Thursday, November 13, 2014

What's the most time consuming boat project? School Curriculum!

We've made great success over here on the Terrapin. We can officially say that if the Zombie Apocalypse were to happen tomorrow we could successfullysail off into the sunset, all of the BIG boat projects are done.

So what's keeping us from shaking our booties to the 'happy dance'? The one boat project trickier than any of them. More daunting than the standing rigging, more frightening than rebuilding the heads,  more intense than strapping down two 12 foot kayaks to the boat is building our girls school curriculum. Que the blood curdling screams and horror movie music.
Text books! State standards! Science! Math! Where does one begin?  Any chance we can get away with "do as I say and not as I do" for the next two years and just call it a day? Honestly if there was any way we could teach the girls to be underwater welders we could scrap the whole curriculum thing and have them on their way to lucrative careers.

Originally we had planned on buying "curriculum in a box" for each grade level, till we thought better of the idea. We really want to incorporate curriculum relevant to our travels while still incorporating material that our girls need to have.

First we downloaded and poured over the state standards. Each state has their own particular standards broken down by grade level and content.  We plan to keep the standards for Math and Language Arts but will be tweaking standards for Social Science and Science. We will not be teaching to tests, nor will we be incorporating Common Core into any subject.

For Math we plan to use Saxon Math. Saxon math is what Phil and I grew up with.
This math is easy to follow and more importantly it will be easy for us to teach using this type of curriculum because of our familiarity.  We have been able to download Saxon Math books (found free online) onto the computer and Ipad for each grade up till 9th. And just for good measure we are purchasing a high school algebra book (we already have a teachers edition) in hardcover.



We're covering the Language Arts content by purchasing workbooks our girls are already accustomed to using.  Since 1st grade our girls have used California Treasure workbooks. These workbooks are customized for most states. In addition to the workbooks our girls will be regularly posting to their own blog (which will be public soon) and required to write in a daily journal. We are requiring that they write just a few sentences in a daily journal as to have a momento from their trip. Their blog posts will help with their typing skills, grammar, sentence structure and overall writing.


With regards to Social Science we are only keeping the standards that apply to the US government. Regardless of the state you live in, there are social science standards you will learn in both 5th and 8th grades regarding United States History and Geography. For the remainder of this school year (we
5th grade social science
leave in January) we will be switching our social science focus to Mexico and Central America. This is where it gets tricky. Trying to find a specific textbook that solely focuses on these areas and their history is tough, if not impossible.










On the advice of Behan from Totem, we are using DK Eyewitness Books to fill in the gaps for relevant social science materials.  But don't go thinking it's just that easy. We can't randomly buy books that sound exciting. What about having two different reading levels we have to cater to? How can you tell exactly what grade level the book is written for?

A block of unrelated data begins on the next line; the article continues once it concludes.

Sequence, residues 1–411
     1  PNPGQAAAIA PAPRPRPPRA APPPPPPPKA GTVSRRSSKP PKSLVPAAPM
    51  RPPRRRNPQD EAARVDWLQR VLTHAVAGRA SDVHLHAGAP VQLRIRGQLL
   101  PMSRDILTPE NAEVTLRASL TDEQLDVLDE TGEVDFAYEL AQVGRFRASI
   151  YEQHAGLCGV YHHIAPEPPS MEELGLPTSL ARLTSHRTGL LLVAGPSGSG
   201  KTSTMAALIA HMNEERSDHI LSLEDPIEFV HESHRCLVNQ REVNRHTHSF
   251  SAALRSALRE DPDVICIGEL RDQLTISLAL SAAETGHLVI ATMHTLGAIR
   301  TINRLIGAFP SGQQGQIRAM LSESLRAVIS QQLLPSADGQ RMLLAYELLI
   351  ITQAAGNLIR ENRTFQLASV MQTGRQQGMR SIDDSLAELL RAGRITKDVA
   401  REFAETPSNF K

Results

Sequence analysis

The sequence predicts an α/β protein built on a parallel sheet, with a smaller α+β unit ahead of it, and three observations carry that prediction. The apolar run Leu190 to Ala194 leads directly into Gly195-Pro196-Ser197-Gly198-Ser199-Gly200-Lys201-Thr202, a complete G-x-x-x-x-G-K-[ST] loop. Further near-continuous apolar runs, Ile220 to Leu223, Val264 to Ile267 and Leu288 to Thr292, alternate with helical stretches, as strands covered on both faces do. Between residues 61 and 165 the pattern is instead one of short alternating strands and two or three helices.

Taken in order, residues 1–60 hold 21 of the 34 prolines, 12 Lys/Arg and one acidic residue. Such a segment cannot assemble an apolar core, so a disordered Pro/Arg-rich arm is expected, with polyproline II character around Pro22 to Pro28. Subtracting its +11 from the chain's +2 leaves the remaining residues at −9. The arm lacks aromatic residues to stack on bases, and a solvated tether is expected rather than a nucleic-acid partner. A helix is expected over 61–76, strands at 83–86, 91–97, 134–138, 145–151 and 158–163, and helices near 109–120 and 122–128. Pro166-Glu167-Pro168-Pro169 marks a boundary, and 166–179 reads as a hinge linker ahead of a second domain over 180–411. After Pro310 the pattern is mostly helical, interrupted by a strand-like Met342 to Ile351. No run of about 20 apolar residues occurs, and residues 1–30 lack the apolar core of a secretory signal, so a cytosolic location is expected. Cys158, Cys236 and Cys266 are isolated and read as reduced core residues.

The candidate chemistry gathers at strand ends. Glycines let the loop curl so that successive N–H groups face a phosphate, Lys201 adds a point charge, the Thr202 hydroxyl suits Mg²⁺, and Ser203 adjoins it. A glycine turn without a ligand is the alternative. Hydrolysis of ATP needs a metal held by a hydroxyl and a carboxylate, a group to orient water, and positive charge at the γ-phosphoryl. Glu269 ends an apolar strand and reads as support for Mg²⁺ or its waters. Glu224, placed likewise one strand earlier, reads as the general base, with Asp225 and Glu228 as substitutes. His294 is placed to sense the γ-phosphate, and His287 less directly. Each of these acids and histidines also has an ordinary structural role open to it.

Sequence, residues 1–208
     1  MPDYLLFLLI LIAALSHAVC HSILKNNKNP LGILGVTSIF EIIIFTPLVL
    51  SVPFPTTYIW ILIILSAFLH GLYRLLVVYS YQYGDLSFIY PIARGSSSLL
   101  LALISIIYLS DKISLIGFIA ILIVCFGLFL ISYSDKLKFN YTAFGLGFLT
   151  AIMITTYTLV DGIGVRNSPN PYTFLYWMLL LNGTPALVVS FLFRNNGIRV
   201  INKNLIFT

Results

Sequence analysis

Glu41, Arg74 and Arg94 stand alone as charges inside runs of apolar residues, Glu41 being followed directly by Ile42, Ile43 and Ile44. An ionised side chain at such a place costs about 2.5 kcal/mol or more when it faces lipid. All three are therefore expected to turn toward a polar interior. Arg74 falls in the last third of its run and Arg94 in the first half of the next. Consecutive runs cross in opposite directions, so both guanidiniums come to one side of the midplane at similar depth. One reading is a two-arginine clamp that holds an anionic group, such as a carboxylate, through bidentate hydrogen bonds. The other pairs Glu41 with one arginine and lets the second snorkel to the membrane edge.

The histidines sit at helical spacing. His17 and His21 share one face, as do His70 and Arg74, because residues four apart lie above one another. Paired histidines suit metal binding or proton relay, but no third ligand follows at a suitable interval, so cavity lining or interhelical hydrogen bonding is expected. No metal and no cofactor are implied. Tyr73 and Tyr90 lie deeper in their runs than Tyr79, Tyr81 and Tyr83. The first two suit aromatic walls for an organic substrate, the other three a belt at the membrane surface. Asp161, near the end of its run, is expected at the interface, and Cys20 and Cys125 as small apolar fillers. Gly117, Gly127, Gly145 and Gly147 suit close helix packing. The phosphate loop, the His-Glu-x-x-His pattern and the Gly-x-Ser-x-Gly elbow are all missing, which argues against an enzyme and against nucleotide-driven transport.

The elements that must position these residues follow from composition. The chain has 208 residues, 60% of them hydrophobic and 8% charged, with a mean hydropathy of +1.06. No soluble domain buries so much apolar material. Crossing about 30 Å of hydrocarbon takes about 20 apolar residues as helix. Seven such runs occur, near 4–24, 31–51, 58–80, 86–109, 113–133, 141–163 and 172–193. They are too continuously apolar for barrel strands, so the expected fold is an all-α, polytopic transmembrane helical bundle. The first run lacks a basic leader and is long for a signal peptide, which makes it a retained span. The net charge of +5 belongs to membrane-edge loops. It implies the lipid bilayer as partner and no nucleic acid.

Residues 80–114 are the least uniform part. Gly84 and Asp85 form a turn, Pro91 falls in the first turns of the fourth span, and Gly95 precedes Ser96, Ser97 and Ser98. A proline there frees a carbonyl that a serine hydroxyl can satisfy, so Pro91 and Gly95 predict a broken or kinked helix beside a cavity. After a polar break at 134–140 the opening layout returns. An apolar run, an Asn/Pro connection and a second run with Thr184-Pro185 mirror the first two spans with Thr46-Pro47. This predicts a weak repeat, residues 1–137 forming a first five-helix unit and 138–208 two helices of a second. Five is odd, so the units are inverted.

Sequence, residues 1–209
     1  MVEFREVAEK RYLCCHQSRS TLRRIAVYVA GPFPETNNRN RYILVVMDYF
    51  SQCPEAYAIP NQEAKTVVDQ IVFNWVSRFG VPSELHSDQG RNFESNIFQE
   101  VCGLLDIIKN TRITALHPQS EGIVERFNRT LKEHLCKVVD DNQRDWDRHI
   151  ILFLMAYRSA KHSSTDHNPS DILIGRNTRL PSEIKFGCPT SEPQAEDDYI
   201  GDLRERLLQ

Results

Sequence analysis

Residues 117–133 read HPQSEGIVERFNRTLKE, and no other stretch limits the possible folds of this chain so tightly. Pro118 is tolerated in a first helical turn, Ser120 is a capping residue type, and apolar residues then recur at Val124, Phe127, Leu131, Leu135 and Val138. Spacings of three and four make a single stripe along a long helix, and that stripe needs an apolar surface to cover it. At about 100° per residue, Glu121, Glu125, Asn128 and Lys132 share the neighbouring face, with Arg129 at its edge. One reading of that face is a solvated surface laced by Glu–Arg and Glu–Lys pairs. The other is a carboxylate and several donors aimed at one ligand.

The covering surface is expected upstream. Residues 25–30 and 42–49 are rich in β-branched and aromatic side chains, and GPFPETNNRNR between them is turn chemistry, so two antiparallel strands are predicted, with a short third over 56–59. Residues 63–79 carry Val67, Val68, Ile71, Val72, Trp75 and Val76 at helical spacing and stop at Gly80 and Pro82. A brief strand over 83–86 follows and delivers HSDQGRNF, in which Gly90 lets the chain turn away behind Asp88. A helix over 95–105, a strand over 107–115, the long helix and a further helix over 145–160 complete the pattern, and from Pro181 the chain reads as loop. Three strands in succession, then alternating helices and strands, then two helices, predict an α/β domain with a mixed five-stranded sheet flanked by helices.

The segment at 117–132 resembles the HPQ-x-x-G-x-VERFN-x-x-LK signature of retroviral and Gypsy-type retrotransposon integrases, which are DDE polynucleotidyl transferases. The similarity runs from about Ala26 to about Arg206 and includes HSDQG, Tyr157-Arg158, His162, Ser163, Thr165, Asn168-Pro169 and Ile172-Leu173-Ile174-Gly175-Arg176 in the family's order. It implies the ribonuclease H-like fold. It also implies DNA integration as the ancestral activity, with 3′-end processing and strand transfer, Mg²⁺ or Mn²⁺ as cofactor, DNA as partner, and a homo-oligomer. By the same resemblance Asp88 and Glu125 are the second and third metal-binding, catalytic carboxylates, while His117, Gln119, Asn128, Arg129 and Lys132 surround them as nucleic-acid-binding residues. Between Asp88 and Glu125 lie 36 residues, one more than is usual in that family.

This is where the "fun" part comes in. I have found fantastic books I thought would be perfect to cover content only to discover that they were college materials. Bummer.








Here's how you check the reading level of the books you are wanting to purchase.





Every book has an ISBN number.  You need this number to be detect the grade level. There are a few different ways to do this.  Accelerated Reader (AR BookFinder) through Renaissance Learning will give you access to check the grade level of books. 

There's also an app called which will allow you to check grade level of books called Level It Books.

You can also check your student's Lexile by using their website.  What's Lexile and why do you care? The Lexile measure can be used to identify material at the appropriate difficulty level for the student regardless of the student's grade level. Check out their website for a better definition.


For Science we've purchased two books to satisfy Emma, who's in 4th grade this year and 5th next. We've yet to purchase any specific science books for Jessica (6th grade this year).  One major advantage for our girls (and me) when it comes to science is their dad has a PhD in Science.  With the help of a microscope and slides we plan to dive deep into science primarily focusing on the ocean and the many different animals we plan to encounter. In conjunction with any science text books we purchase to co-inside with the state standards we will be teaching them Marine Biology.  We have some DK Eyewitness Books to help with this subject as we continue to search for an age appropriate textbook, most Marine Biology textbooks are geared towards college level.

Living on a boat reveals tremendous learning opportunities for our girls not offered in a regular classroom.  We've yet to set sail and they've already been introduced to and will continue to learn more about weather patterns, engines, electricity (rebuilding the battery bank was a great learning opportunity), ecosystems and other cultures.